Trim is the *only* aerodynamic control in which manual control is even possible, so rather than have multiple levels of automation, they may drop straight to full manual. The electronic trim is not the same as hydraulic assist in that it is still fully decoupled mechanically from the control surface. Hydraulic assist is pretty "dumb".

Related to what I said in my previous post, these failure scenarios get complicated. There was an Airbus crash once where the aoa sensors froze up during an automation/acceptance test, the plane's computer realized it and handed full "manual" control to the pilots, with the pitch trim strongly "up". The pilots either didn't notice or didn't know how to handle the issue and simply pushed their control sticks all the way forward to avoid the stall. It didn't work and the plane stalled and crashed.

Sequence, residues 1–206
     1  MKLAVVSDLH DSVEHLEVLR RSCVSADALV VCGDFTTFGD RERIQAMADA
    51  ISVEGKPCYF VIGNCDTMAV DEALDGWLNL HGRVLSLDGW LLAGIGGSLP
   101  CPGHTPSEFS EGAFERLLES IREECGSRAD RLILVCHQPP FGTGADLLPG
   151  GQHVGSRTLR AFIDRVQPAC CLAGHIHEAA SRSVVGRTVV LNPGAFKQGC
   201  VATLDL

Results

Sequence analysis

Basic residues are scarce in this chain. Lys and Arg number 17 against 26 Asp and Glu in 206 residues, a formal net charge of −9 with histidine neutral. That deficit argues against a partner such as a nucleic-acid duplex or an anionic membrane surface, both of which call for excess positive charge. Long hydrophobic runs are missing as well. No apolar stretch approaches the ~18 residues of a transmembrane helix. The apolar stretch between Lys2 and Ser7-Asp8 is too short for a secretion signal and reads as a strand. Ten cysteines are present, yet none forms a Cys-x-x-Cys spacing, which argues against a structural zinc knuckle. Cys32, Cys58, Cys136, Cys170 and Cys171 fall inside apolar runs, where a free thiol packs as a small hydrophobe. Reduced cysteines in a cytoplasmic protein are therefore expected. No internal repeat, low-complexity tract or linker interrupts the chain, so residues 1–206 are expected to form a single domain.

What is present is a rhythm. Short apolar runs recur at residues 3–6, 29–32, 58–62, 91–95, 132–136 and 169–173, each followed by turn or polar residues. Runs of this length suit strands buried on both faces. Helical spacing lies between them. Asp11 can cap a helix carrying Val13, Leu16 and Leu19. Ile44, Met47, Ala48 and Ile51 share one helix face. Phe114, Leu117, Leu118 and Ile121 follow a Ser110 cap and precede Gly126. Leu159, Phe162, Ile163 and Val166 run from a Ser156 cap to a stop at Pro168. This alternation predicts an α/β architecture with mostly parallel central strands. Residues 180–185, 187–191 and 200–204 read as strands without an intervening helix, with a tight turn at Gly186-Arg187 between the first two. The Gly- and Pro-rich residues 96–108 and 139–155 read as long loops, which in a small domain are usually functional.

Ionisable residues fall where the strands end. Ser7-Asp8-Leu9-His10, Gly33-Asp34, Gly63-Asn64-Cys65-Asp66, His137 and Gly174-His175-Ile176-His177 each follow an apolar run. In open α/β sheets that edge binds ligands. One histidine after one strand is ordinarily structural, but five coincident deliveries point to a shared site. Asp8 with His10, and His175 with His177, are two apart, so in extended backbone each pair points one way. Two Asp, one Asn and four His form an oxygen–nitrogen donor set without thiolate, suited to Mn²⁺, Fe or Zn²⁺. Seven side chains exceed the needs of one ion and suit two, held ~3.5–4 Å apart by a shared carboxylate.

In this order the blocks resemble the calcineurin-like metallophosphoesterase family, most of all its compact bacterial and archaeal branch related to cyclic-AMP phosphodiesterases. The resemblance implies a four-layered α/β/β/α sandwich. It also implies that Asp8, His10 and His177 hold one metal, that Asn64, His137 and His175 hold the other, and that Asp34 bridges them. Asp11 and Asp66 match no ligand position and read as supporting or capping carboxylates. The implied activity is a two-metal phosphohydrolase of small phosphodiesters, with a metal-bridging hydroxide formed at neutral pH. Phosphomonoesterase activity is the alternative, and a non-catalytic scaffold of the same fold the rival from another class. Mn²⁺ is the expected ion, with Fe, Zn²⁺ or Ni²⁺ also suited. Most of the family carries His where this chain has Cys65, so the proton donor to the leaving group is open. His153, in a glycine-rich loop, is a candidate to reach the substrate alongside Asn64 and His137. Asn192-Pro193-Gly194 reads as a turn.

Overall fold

In this case they evidently didn't know the trim was "fighting" them - because they couldn't feel it - and never tried to manually spin the trim wheels, which likely would have prevented the crash.

This also relates to past discussions of the pros and cons of a system (trim itself) that can overpower the pilots. Is it worse to be overpowered and know it or overpowered and not know it?
 
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I think you're mixing together the "normal" operation and the failure scenario. Having a high aoa during cruise - most of the "normal flight" regime - would require a ripping-the-wings-off steep turn. So there is no scenario in cruise when it should activate. The actual part of the flight envelope or normal flight regime where MCAS should activate is pretty small. You could add additional sensors such as an airspeed limit (MCAS disabled above 300kts for example), but that also adds another potential failure point.

We tend to get tunnel vision focusing on the specific system or crash scenario. It's not a simple system and while it does appear a failure mode was missed or underestimated, Boeing engineers are not idiots and have surely thought through the broader implications.
What I meant is that all of the conditions outside high AoA are totally normal. So that a single AoA sensor reading that's bad results in erroneous activation.